BANGKOK (Reuters) - Thailand’s central bank and Japan’s finance ministry agreed on Friday to promote direct settlement of transactions in their local currencies, the latest move by Asian economies to reduce exposure to volatile global markets.
The two signed a memorandum of understanding on a framework of cooperation to promote use of their local currencies for bilateral trade and investment settlement, including direct exchange rate quotation and interbank trading between the yen and the baht, the Bank of Thailand said.
“This collaboration marks a key milestone in strengthening bilateral financial cooperation between Japan and Thailand,” the BOT said in a statement.
A number of banks will be allowed to carry out such settlements, including Bangkok Bank, Krung Thai Bank and Sumitomo Mitsui Banking Corporation.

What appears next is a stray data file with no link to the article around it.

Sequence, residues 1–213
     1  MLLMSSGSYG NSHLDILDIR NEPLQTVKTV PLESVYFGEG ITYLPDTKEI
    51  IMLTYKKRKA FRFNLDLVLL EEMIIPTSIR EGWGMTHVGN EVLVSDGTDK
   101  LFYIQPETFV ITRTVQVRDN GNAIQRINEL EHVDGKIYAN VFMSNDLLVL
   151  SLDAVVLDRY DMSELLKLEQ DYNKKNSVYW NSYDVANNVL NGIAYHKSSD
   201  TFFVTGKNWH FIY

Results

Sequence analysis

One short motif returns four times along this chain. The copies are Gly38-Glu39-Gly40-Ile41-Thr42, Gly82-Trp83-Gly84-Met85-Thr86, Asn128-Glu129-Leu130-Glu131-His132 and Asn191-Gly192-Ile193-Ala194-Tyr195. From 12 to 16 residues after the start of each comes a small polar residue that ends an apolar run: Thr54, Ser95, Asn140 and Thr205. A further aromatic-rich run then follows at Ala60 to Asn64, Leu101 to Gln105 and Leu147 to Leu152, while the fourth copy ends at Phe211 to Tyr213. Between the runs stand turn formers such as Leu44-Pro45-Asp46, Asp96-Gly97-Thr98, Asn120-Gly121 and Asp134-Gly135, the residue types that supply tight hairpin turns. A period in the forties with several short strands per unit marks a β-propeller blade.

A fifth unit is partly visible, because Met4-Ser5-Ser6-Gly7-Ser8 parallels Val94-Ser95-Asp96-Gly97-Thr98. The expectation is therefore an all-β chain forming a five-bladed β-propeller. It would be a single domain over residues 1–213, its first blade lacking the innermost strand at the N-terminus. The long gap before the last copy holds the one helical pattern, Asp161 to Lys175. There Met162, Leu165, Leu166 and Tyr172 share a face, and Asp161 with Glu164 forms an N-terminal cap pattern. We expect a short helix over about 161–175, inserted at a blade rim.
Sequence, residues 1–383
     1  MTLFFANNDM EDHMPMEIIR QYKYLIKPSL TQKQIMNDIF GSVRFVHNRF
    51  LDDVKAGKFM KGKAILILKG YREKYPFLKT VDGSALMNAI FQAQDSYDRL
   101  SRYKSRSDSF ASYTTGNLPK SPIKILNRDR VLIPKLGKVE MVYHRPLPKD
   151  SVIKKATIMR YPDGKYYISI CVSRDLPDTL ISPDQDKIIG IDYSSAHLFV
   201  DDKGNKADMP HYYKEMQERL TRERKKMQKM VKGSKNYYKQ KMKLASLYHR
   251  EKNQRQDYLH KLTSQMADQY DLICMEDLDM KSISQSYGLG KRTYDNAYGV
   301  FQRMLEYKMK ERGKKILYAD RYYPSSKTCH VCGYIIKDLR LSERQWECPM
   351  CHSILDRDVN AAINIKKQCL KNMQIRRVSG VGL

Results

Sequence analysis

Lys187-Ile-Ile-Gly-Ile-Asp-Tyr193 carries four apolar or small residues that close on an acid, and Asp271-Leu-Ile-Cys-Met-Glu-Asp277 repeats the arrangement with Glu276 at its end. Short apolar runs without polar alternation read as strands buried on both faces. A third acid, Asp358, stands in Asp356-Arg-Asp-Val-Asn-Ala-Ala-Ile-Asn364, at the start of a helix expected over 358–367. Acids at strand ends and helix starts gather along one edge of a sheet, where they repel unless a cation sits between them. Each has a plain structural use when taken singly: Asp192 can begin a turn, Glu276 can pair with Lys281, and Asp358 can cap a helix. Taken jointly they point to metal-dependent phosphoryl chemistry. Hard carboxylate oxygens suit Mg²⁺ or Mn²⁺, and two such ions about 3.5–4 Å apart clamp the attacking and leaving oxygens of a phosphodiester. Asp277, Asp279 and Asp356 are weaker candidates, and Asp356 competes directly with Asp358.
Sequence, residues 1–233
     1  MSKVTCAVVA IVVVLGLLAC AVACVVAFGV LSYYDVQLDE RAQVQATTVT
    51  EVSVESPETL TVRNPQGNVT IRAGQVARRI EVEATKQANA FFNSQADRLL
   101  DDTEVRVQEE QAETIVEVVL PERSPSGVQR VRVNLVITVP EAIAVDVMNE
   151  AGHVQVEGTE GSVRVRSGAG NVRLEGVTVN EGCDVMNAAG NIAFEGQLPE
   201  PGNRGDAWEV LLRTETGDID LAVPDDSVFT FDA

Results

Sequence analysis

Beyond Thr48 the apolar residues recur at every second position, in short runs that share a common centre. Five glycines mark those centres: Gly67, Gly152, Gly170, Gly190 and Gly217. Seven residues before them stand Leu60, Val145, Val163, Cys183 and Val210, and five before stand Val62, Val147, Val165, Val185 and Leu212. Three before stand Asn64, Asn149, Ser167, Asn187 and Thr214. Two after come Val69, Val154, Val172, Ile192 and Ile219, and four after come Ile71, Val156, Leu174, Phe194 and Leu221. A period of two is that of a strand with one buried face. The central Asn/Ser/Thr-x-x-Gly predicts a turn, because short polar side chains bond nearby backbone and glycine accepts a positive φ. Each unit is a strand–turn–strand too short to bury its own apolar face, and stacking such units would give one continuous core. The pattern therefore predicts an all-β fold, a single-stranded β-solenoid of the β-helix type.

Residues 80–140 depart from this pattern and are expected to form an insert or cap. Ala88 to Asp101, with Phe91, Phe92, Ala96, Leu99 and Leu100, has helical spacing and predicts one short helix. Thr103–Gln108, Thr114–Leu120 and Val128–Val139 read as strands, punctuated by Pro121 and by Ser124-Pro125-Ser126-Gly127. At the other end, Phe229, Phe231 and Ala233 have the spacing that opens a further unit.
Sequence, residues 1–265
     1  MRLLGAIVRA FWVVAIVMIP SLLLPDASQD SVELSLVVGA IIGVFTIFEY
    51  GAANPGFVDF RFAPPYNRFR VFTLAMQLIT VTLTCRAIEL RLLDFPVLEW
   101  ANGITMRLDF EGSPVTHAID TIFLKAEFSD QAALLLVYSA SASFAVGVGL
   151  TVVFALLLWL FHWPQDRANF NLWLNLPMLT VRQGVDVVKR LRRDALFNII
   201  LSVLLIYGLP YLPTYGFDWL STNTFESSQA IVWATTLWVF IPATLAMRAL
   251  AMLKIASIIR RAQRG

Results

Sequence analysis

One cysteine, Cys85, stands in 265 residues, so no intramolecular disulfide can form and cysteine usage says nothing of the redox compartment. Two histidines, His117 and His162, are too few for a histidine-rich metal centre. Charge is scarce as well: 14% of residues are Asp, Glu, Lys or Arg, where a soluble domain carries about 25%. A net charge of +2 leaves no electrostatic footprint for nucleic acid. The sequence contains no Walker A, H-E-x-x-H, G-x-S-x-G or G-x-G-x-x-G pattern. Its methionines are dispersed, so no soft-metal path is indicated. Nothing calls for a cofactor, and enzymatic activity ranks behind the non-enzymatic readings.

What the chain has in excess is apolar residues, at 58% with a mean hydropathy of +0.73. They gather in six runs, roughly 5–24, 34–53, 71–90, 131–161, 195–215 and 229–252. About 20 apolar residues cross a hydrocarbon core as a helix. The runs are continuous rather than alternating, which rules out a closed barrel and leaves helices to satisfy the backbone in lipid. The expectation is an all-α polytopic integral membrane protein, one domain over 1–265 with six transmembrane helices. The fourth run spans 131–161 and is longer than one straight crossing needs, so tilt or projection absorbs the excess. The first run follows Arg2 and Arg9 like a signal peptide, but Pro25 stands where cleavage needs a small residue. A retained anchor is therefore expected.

Japan is the biggest foreign investor in Thailand and the third-biggest market for Thai exports - it imported about $22.3 billion (16.2 billion pounds) worth of Thai goods last year.
Thailand also has similar agreements with the Indonesian and Malaysian central banks.
Many emerging economies face increasingly volatile financial markets and rising trade protectionism as well as capital outflows in the wake of rising U.S. interest rates.
Reporting by Orathai Sriring; Editing by Gopakumar Warrier